Many AFL fans, I reckon, would have a reasonably accurate internal model of what a good, average or poor crowd might be for a given contest. My goal in this blog is to see if we can build a statistical model to encapsulate that intuition, and see how well it might 'predict' the attendance figure for any game from the past 16 seasons based on certain of that game's features (in a somewhat similar manner to this post from 2012).
For this modelling exercise, we'll be using data for the period 2000 to 2015, focussing solely on games from the home-and-away portion of those seasons.
We'll source attendance figures from the afltables site and we'll include as regressors, variables to describe:
- The Home Team
- The Away Team
- Whether or not the Home Team was the pre-game Favourite (as determined by MoSSBODS Team Ratings)
- The Strength of Favouritism for the team preferred by MoSSBODS (measured in terms of Expected Scoring Shots superiority)
- The Venue at which the game was played
- The Time of Day at which the game commenced
- The Day of the Week on which the game took place
- The Month of the Year in which the game took place
- The Year in which the game took place
Before we look at the fitted model, let's explore the relationship between Attendance and each of the proposed regressors, in turn, starting with the Season in which the game took place.
In this first table we look at Average Attendance at games within each of the 16 home-and-away seasons and find that the all-season average attendance is just over 34,000 per game, with higher averages in the 2005 to 2011 period (and especially in the 2007 to 2010 period), and particularly lower averages in the 2012 to 2015 period.
The variability of crowds, as described by the standard deviation, peaked during the 2011 to 2013 period, possibly reflecting the introduction of the Gold Coast and GWS teams.
From a modelling viewpoint, the data suggests that splitting the 2000 to 2015 history into three periods - 2000 to 2004, 2005 to 2011, and 2012 to 2015 - makes some empirical sense.
Next, let's look at average attendances for each of the 18 teams when they are the (notional) home team.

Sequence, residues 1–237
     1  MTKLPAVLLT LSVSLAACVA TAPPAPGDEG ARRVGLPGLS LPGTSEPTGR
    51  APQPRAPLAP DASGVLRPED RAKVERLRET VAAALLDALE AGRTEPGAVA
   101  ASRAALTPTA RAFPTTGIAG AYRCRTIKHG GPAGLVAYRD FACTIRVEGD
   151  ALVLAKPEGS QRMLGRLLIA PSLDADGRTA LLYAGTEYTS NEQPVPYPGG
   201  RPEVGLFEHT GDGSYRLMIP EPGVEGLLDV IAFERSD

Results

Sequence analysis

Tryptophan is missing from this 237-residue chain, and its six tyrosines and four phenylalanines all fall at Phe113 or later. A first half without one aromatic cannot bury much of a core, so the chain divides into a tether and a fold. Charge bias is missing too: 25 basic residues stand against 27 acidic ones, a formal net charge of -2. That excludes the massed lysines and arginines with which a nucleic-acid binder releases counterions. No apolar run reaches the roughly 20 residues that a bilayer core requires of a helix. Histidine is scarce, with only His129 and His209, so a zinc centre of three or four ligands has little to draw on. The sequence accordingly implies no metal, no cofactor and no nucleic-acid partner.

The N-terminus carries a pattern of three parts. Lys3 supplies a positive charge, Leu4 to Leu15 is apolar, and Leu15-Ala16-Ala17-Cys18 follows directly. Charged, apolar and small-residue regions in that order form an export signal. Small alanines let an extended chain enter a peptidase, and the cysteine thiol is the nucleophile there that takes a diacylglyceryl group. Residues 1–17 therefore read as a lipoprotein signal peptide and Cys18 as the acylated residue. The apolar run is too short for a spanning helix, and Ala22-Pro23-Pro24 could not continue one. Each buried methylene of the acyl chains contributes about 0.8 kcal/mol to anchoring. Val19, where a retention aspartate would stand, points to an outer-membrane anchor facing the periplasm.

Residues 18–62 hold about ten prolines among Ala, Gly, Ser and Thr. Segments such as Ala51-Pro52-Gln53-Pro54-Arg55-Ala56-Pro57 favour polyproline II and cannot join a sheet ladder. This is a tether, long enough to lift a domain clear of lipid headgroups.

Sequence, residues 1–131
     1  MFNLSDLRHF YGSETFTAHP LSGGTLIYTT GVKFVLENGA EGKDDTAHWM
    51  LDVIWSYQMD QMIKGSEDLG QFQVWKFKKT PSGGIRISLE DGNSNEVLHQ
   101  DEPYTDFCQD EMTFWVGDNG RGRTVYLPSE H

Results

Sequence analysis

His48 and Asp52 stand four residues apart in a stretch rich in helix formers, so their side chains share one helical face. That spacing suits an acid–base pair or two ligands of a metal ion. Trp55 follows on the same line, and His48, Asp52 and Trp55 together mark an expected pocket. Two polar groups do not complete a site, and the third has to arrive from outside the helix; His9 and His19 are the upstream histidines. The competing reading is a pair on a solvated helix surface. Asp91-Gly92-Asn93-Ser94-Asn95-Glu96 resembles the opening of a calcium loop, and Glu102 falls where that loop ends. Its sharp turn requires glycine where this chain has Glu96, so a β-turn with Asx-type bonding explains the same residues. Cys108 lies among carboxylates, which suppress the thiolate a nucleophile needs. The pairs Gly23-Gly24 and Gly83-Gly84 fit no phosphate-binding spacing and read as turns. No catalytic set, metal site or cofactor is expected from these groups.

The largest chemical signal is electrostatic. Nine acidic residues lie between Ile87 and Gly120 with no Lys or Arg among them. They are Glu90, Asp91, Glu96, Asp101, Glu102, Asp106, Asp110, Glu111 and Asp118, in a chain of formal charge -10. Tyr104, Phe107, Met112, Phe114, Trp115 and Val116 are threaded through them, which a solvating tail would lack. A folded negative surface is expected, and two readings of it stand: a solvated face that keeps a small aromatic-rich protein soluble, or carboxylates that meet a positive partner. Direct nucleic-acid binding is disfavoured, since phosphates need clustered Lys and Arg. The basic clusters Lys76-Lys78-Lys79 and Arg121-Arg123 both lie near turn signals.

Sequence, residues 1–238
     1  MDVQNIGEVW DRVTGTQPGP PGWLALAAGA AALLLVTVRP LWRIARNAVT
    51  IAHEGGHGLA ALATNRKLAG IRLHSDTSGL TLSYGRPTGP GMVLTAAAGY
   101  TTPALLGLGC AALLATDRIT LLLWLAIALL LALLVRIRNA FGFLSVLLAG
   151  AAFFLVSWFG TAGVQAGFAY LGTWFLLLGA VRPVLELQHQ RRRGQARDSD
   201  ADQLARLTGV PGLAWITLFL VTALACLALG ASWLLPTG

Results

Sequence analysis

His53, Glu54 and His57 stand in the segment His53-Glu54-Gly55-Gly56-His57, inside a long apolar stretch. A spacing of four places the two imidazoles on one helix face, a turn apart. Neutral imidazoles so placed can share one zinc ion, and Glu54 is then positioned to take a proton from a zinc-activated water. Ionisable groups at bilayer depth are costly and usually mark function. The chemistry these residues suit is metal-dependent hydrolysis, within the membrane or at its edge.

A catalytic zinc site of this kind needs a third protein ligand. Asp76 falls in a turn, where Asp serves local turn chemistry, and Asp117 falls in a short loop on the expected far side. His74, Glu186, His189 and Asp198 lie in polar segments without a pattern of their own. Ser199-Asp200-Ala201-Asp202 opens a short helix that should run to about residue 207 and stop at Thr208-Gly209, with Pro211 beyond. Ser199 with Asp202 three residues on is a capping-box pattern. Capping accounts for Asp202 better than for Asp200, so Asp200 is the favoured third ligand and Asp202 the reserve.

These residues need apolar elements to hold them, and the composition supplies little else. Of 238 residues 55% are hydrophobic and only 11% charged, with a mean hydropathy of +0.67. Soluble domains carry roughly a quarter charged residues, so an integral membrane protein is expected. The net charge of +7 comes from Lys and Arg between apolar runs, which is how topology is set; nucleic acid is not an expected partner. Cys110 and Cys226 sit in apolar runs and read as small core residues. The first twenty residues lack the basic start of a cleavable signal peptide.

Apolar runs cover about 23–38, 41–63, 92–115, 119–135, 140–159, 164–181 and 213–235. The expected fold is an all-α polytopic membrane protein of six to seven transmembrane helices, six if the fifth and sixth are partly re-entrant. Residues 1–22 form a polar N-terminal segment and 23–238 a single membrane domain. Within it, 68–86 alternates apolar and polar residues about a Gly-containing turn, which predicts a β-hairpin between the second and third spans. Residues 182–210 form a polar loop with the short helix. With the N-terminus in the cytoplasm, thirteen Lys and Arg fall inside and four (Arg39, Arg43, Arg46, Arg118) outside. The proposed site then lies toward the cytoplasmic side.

This table is sorted on the basis of average "excess" attendance relative to the all-team average, and sees Collingwood perched atop the list having, on average, generated crowds when playing as the home team of a bit over 52,000.
They are one of seven teams that can claim to have generated above average home crowds, the six other teams including four more from Victoria (Essendon, Richmond, Carlton and Hawthorn), and just two non-Victorian teams (Adelaide and West Coast).
Three non-Victorian teams sit amongst the bottom four places (GWS, Gold Coast and the Brisbane Lions), interrupted only by the Kangaroos who've seen crowds of fewer than 26,000 at their typical home game.
Hawthorn have seen the most variable home crowds, though Carlton, Collingwood, Richmond and Melbourne have also been associated with above-average variability of home game crowd sizes.
Looking at the teams when they are (notional) Away teams instead, we find that Collingwood, again, is associated with the largest average crowds (just over 50,000 per game), and that Essendon is once again second to them.
In fact, of the six teams with above-average drawing power as Away teams, five of them are the Top 5 teams from the list of teams with above-average drawing power as Home teams (Collingwood, Essendon, Carlton, Hawthorn and Richmond). Geelong is the only team that climbs into the Top 6 as an Away team that wasn't also towards the top of the list as a Home team.
Those six teams are the only ones with above-average typical attendances when playing as the Away team, and they are all based in Victoria.
In contrast, the eight teams with the smallest average attendances when playing as the Away team are all non-Victorian.
The greatest variability in attendance as an Away team, however, is associated with five of the Victorian teams - Collingwood, Essendon, Carlton, Geelong and Richmond.
When we turn next to Venue we find a considerable range of average attendances, even for grounds that have been used quite a number of times during the period.
Perhaps not surprisingly, the MCG has attracted the largest crowds, the average for that venue coming in at a tick under 47,000 per game. The Adelaide Oval and Stadium Australia, albeit on a much smaller base of games, come in at 2nd and 3rd based on average attendance.
Four more non-Victorian venues (Subiaco, Football Park, the Gabba, and the SCG) fill slots in the next five places, all of them with average attendances in excess of 25,000 per game.
At the foot of the table we also find non-Victorian grounds, however, these filling all of the bottom eight positions, with averages all below 15,000 per game.
By far, variability in attendance figures has been greatest for the MCG, its standard deviation of almost 19,000 attendees over 50% larger than the figure of almost 12,000 for Stadium Australia.
Next, let's consider the crowd-boosting effects of home team favouritism (again determined by MoSSBODS Ratings and not any bookmaker).